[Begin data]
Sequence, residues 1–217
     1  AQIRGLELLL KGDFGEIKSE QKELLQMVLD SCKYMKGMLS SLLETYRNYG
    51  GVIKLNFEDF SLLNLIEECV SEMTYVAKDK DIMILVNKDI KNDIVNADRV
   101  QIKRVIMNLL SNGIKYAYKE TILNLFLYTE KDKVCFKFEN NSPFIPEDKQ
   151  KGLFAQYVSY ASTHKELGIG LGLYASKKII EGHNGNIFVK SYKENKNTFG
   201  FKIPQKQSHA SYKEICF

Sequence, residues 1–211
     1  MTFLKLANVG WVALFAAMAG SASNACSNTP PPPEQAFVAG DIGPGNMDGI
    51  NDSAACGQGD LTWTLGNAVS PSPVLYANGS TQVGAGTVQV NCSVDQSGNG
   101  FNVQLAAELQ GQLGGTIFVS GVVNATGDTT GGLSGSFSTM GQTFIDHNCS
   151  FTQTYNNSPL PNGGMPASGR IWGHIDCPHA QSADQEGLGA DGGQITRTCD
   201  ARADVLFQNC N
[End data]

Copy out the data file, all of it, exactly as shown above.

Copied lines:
Sequence, residues 1–217
     1  AQIRGLELLL KGDFGEIKSE QKELLQMVLD SCKYMKGMLS SLLETYRNYG
    51  GVIKLNFEDF SLLNLIEECV SEMTYVAKDK DIMILVNKDI KNDIVNADRV
   101  QIKRVIMNLL SNGIKYAYKE TILNLFLYTE KDKVCFKFEN NSPFIPEDKQ
   151  KGLFAQYVSY ASTHKELGIG LGLYASKKII EGHNGNIFVK SYKENKNTFG
   201  FKIPQKQSHA SYKEICF

Sequence, residues 1–211
     1  MTFLKLANVG WVALFAAMAG SASNACSNTP PPPEQAFVAG DIGPGNMDGI
    51  NDSAACGQGD LTWTLGNAVS PSPVLYANGS TQVGAGTVQV NCSVDQSGNG
   101  FNVQLAAELQ GQLGGTIFVS GVVNATGDTT GGLSGSFSTM GQTFIDHNCS
   151  FTQTYNNSPL PNGGMPASGR IWGHIDCPHA QSADQEGLGA DGGQITRTCD
   201  ARADVLFQNC N